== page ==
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Visual information is believed to be processed through two distinct, yet interacting cortical streams. The ventral stream performs the computations needed for recognition of objects and faces ("what" and "who"?) and the dorsal stream the computations for registering spatial relationships and for controlling visually guided actions ("where" and "how"?). We initially proposed a model of spatial deficits in Williams syndrome (WS) in which visual abilities subserved by the ventral stream, such as face recognition, are relatively well developed (although not necessarily in exactly the same way as in typical development), whereas dorsal-stream functions, such as visuospatial actions, are markedly impaired. Since these initial findings in WS, deficits of motion coherence sensitivity, a dorsal-stream function has been found in other genetic disorders such as Fragile X and autism, and as a consequence of perinatal events (in hemiplegia, perinatal brain anomalies following very premature birth), leading to the proposal of a general "dorsal-stream vulnerability" in many different conditions of abnormal human development. In addition, dorsal-stream systems provide information used in tasks of visuospatial memory and locomotor planning, and these systems are closely coupled to networks for attentional control. We and several other research groups have previously shown deficits of frontal and parietal lobe function in WS individuals for specific attention tasks [e.g., Atkinson, J., Braddick, O., Anker, S., Curran, W., & Andrew, R. (2003). Neurobiological models of visuospatial cognition in children with Williams Syndrome: Measures of dorsal-stream and frontal function. Developmental Neuropsychology, 23(1/2), 141-174.]. We have used the Test of Everyday Attention for Children (TEA-Ch) which aims to attempt to separate components of attention with distinct brain networks (selective attention, sustained attention, and attention control-executive function) testing a group of older children with WS, but this test battery is too demanding for many children and adults with WS. Consequently, we have devised a new set of tests of attention, the Early Childhood Attention Battery (ECAB). This uses similar principles to the TEA-Ch, but adapted for mental ages younger than 6 years. The ECAB shows a distinctive attention profile for WS individuals relative to their overall cognitive development, with relative strength in tasks of sustained attention and poorer performance on tasks of selective attention and executive control. These profiles, and the characteristic developmental courses, also show differences between children with Down's syndrome and WS. This chapter briefly reviews new research findings on WS in these areas, relating the development of brain systems in WS to evidence from neuroimaging in typically developing infants, children born very preterm, and normal adults. The hypothesis of "dorsal-stream(s) vulnerability" which will be discussed includes a number of interlinked brain networks, subserving not only global visual processing and formulation of visuomotor actions but interlinked networks of attention.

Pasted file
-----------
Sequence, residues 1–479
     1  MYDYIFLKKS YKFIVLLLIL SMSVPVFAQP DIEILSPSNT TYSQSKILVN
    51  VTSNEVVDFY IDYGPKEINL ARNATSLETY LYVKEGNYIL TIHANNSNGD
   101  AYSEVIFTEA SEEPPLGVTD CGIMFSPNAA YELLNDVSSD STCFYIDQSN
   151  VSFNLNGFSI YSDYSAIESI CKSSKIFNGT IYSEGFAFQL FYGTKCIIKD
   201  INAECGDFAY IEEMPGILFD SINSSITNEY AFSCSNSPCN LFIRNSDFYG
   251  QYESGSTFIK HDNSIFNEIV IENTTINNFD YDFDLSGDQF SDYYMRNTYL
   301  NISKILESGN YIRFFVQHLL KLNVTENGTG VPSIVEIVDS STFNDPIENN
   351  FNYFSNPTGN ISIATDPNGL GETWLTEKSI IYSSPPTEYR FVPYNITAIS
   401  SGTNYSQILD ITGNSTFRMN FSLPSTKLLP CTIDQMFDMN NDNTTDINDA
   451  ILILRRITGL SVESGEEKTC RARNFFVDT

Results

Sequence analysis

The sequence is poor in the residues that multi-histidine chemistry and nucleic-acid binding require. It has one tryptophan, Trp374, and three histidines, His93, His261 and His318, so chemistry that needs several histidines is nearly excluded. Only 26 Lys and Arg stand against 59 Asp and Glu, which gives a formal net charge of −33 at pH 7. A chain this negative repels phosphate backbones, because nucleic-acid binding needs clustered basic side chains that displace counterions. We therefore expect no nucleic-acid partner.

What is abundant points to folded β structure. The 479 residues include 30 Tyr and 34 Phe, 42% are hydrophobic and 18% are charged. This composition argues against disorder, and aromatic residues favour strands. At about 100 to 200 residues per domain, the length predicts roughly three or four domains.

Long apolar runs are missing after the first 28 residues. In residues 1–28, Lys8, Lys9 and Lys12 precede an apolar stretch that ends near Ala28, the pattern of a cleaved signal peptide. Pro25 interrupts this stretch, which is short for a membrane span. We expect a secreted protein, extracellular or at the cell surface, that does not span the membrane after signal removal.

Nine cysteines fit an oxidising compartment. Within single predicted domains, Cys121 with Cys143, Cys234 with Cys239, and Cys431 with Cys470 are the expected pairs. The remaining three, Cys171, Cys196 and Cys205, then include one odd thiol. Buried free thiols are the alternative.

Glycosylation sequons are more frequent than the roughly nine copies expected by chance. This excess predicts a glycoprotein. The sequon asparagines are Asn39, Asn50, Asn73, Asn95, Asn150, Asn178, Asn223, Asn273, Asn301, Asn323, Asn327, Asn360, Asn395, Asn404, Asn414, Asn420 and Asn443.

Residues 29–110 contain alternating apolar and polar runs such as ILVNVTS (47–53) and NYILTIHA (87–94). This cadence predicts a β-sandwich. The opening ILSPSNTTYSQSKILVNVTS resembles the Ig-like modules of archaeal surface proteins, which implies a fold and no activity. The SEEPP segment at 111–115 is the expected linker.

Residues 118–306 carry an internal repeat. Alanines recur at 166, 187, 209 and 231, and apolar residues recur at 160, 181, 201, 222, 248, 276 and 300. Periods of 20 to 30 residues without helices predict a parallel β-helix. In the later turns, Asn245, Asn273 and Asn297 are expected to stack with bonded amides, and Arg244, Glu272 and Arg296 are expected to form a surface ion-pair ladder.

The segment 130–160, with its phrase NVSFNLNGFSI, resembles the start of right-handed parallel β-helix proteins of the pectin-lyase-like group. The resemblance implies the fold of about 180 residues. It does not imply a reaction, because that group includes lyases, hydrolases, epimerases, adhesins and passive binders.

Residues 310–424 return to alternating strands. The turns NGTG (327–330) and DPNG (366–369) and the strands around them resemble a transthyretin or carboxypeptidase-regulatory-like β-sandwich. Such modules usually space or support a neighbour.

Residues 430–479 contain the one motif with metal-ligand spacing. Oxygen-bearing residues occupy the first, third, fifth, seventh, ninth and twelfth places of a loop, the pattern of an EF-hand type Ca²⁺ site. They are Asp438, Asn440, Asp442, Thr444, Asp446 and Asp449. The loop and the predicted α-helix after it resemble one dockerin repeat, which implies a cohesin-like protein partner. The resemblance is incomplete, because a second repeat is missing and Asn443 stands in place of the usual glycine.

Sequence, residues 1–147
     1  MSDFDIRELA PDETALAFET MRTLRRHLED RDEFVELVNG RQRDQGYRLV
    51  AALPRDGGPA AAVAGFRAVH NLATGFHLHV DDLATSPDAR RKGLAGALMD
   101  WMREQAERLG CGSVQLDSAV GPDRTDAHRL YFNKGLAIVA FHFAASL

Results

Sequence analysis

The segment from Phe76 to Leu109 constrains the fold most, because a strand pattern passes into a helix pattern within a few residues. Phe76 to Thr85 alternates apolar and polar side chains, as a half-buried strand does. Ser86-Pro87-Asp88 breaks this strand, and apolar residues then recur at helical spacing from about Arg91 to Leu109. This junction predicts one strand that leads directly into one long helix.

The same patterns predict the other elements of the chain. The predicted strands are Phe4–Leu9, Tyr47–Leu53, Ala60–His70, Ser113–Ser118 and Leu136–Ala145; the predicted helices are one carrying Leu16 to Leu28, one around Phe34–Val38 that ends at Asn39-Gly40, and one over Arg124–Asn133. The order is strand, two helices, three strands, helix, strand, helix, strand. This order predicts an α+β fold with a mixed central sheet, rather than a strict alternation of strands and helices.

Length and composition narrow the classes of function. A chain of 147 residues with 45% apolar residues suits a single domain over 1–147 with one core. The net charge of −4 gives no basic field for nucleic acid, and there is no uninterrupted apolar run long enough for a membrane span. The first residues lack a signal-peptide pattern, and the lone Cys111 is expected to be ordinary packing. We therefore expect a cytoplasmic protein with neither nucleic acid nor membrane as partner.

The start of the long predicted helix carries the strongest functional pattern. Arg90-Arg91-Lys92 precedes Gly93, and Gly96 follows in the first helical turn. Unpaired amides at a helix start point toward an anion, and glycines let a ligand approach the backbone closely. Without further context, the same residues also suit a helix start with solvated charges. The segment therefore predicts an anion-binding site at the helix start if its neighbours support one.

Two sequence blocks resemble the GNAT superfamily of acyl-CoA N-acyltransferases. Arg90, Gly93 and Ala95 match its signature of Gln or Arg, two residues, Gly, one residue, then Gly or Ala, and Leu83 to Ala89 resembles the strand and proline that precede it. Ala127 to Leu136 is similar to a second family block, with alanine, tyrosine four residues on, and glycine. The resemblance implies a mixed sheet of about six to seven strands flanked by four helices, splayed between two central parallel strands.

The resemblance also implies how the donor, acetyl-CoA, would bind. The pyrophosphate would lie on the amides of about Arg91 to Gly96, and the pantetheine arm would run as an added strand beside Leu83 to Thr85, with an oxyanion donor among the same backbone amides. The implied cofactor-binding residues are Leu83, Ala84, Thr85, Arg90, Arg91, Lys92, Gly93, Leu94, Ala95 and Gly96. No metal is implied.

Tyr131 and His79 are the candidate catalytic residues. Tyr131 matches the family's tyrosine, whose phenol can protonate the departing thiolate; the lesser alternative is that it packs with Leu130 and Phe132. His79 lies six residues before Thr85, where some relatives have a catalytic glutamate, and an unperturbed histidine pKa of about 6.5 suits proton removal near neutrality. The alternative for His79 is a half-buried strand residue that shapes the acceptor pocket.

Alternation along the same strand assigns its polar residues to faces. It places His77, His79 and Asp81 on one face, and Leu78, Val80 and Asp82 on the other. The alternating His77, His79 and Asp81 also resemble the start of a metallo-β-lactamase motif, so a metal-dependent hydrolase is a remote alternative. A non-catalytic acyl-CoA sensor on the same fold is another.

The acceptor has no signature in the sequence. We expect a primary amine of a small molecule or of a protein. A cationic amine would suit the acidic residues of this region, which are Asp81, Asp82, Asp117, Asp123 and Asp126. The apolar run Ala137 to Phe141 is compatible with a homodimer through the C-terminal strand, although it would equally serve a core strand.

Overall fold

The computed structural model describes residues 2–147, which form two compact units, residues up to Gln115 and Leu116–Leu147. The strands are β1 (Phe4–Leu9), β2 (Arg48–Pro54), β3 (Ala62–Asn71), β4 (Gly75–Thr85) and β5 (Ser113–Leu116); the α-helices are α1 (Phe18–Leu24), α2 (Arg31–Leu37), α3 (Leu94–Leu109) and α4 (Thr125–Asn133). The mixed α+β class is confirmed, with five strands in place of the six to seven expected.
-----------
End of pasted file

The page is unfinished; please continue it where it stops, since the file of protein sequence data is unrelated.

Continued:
Original publication




Journal article


Prog Brain Res

Publication Date





261 - 283


Attention, Behavior, Brain, Cognition, Developmental Disabilities, Humans, Neuropsychological Tests, Phenotype, Space Perception, Visual Perception, Williams Syndrome